Mobile apps have become a competitive space, and some may argue having mobile presence is as essential as having a website. So how do you make your app stand out among 2+ million apps in the app store? The obvious answer is marketing, brand recognition and having a good product. While developers have limited control over marketing for apps, they do have control over the engineering of the app which includes:
- User Experience – user experience is critical. It makes or breaks your app. This is an area where testing is critical. Getting user experience right, can be tricky when localizing apps. What we found is that North Americans prefer simple design with a clear path while Europeans prefer lots of features. Finding the balance can be tricky. Listen to your user feedback and test different variations until you get it somewhat right. As with design, you will never be able to please everyone but you can ensure that your user base and app’s usage is growing.
- Privacy Policies – with the new iOS 14 coming in the fall, it will make it difficult for app developers to collect data on user’s location and you have to disclose where all your data will be used. This is going to make it harder for apps that relay on data for monetization but also to run machine learning and artificial intelligence.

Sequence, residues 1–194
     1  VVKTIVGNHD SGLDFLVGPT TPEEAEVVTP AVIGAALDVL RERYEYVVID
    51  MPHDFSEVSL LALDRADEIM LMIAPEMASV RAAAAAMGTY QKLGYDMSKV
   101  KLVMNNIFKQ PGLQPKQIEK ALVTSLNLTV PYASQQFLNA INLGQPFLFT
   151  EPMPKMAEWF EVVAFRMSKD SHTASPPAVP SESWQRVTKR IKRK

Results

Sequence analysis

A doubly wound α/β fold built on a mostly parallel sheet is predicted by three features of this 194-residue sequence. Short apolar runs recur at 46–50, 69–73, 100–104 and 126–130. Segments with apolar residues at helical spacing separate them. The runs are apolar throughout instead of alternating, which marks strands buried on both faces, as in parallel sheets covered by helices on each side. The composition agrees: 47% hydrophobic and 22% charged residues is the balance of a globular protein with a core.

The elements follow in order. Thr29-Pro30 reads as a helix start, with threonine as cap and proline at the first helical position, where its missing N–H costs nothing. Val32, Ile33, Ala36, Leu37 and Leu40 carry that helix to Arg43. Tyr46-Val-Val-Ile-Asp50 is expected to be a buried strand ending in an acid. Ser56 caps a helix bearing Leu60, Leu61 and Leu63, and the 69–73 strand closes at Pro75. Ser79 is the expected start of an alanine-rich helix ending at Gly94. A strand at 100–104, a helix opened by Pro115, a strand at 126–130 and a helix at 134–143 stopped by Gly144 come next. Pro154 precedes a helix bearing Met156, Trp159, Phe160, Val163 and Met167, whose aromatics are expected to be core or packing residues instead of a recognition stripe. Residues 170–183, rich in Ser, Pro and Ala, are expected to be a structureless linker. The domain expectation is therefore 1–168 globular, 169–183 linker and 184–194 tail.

- Augmented Reality – will continue to grow not just in the gaming industry but also in other parts of the app store. Think retail where you can picture an item such as a chair in your own space or maybe it will evolve in trying on a dress without having to go to the store.
- Security – Ever growing concern is your app’s security. This is becoming a critical issue for any apps which handle consumer’s data especially financial information (think about storing credit cards). GDRP goes beyond financial information where all consumer data including an email address is considered private.
- Cross Mobile Development – With the Android market’s continuous growth, iOS exclusive apps are becoming a thing of the past. Maintaining two code basis one for iOS and one for Android may not be economical and can have time constraints especially for small mobile teams or mobile agencies. The solution is Flutter, which has the same quality of writing for native platform without having the need to do it twice.
If you are looking for an iOS developer to help transition into iOS 14 or you are looking to transition your app from Swift or Objective-C to Flutter, Brian Kayfitz can help. He has been writing flutter apps for the past 2 years and has over 10 years of experience working on native iOS apps.